In our Exploring the .NET Framework series, we’ve covered some terminology, creating instances of objects and calling methods.  In today’s installment, we are going to look at using static members - methods and properties.  Static methods are methods that a class (or type) make available without needing to create an instance of the class.  Similarly, static properties are properties that you can access without needing an instance of the class. Many classes provide static members supply functionality where it doesn’t make sense to need an object. 

The System.Math class contains a couple of static properties, PI and E. 

PS C:\scripts\PowerShell> [math]::E 2.71828182845905 PS C:\scripts\PowerShell> [math]::PI 3.14159265358979

Constant values are not the only type of property that you’ll find.  The System.AppDomain class has a static property, CurrentDomain, which is an AppDomain instance referring to the current application domain.

PS C:\scripts\PowerShell> [AppDomain]::CurrentDomain.gettype()

IsPublic  IsSerial Name         BaseType ——–    ——–    —-            ——– True     False    AppDomain System.MarshalByRefObject

System.Math also contains a number of static methods that provide a great deal of basic mathematical function.

PS C:\scripts\PowerShell>[Math] | get-member –static –membertype method | select name


Abs Acos Asin Atan Atan2 BigMul Ceiling Cos Cosh DivRem Equals Exp Floor IEEERemainder Log Log10 Max Min Pow ReferenceEquals Round Sign Sin Sinh Sqrt Tan Tanh Truncate

I wrote a little helper function to get the static method definitions (Get-StaticMethodDefinition), which you can grab from

(V2 CTP3 - We can use the trick of using the method name without parenthesis following to get additional information on each of the methods that we are interested in.)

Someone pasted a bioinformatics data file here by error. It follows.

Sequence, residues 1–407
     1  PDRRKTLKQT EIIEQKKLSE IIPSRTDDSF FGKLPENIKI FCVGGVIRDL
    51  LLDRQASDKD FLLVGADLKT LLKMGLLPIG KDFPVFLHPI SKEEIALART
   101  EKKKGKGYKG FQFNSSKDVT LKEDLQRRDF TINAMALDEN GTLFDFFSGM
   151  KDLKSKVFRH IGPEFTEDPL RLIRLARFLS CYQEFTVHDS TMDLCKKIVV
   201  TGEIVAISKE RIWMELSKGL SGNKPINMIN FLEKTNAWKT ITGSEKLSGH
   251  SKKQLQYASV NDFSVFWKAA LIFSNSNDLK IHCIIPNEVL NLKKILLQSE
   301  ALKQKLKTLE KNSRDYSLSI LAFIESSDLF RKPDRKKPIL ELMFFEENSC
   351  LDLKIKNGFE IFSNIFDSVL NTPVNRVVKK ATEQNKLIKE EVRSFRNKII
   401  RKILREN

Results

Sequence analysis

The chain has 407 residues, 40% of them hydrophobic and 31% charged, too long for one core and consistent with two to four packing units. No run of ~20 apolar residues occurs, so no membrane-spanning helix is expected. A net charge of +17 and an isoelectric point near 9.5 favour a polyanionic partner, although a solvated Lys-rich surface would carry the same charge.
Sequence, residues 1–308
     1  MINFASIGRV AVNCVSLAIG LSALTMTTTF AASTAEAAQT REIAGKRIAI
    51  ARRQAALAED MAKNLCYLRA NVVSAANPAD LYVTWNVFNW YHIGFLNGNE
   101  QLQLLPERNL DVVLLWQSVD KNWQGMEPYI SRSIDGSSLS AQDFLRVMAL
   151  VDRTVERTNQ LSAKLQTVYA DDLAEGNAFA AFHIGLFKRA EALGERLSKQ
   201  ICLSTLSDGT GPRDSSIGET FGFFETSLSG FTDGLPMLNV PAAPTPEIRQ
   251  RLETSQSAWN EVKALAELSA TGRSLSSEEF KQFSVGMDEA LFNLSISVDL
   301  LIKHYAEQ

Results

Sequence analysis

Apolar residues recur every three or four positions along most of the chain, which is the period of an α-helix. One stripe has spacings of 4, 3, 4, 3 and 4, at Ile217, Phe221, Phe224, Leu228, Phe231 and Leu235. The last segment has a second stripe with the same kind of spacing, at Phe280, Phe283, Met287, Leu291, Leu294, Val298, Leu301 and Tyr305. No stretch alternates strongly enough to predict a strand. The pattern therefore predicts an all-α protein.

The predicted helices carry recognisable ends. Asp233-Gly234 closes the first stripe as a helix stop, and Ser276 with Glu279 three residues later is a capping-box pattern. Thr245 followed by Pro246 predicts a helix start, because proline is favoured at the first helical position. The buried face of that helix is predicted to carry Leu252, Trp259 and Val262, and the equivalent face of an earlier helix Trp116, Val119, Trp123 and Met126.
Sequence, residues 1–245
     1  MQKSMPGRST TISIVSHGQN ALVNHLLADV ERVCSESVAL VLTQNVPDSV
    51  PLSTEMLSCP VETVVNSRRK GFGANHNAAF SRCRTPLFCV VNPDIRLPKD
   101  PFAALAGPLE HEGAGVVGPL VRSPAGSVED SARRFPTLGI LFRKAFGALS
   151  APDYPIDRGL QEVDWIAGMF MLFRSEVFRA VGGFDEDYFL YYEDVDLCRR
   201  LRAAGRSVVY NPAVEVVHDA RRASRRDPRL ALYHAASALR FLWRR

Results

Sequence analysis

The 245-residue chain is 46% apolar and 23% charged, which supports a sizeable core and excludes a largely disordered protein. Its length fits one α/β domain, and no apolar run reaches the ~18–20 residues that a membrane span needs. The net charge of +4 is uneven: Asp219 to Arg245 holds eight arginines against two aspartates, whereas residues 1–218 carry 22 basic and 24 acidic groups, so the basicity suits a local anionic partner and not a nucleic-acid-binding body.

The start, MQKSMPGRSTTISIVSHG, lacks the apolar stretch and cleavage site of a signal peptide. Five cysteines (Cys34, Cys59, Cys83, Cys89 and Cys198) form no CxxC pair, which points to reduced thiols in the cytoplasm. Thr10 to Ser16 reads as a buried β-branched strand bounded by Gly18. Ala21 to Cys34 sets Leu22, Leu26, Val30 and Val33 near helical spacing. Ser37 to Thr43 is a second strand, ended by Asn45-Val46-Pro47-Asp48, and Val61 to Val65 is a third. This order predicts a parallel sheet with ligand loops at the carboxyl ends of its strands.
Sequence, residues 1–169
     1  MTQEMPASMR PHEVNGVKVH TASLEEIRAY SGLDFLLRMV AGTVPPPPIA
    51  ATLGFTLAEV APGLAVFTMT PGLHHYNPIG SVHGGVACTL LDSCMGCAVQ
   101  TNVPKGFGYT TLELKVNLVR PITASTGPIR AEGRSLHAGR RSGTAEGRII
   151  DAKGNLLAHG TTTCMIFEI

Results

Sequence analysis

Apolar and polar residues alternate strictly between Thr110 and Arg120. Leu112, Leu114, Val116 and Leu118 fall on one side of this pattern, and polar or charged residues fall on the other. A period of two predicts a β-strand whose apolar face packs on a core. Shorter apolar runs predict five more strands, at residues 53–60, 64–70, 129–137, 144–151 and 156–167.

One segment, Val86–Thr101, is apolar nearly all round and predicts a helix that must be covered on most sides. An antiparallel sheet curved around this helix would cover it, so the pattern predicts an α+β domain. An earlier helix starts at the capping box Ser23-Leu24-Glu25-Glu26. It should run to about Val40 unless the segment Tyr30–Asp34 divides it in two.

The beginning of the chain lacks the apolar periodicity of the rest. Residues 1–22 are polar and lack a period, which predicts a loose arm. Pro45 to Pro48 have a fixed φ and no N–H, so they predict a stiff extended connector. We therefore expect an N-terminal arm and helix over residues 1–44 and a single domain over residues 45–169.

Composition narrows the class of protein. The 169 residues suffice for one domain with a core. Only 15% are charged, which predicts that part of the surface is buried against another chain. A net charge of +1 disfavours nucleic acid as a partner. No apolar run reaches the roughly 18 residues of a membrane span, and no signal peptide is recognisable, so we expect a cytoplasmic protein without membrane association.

One type of static method that I would like to highlight is the factory method.  A factory method is a common way of controlling object creation.  At its most basic level, a factory pattern is a method that creates objects of a specified type. 

An example of this is the System.Net.WebRequest’s Create method.

PS C:\scripts\PowerShell> $web = [net.webrequest]::create(’’) PS C:\scripts\PowerShell> $web.gettype()

IsPublic IsSerial Name                                     BaseType ——– ——– —-                                     ——– True     True     HttpWebRequest                           System.Net.WebReq…

The factory method Create used the argument (‘’) to determine the type of WebRequest object to create.  In this case, it created an HttpWebRequest object, which is a more specialized version of the WebRequest for HTTP requests. 

Let’s see how it would respond if we passed the Create method a URI with FTP.

PS C:\scripts\PowerShell> $web = [net.webrequest]::create(’') PS C:\scripts\PowerShell> $web.gettype()

IsPublic IsSerial Name                                     BaseType ——– ——– —-                                     ——– True     False    FtpWebRequest                            System.Net.WebReq…

As we can see, the WebRequest class created an FtpWebRequest object.

Factory methods provide developers a way to more flexibly support different operations by allowing the static method to determine which object to return.

UPDATE:  Joel “Jaykul” Bennet added a V2 advanced function to convert static methods to functions to  and pointed out Oisin Grehan’s blog post about creating functions from static methods (V1 compatible).

I’ve been really happy to receive some of the feedback (positive and constructive criticism) on this series.  There is a lot of the .NET Framework to cover, and I’m open to suggestions as to what you would like to know.  Please post a comment on the blog or email me at Steve at UsePowerShell.Com.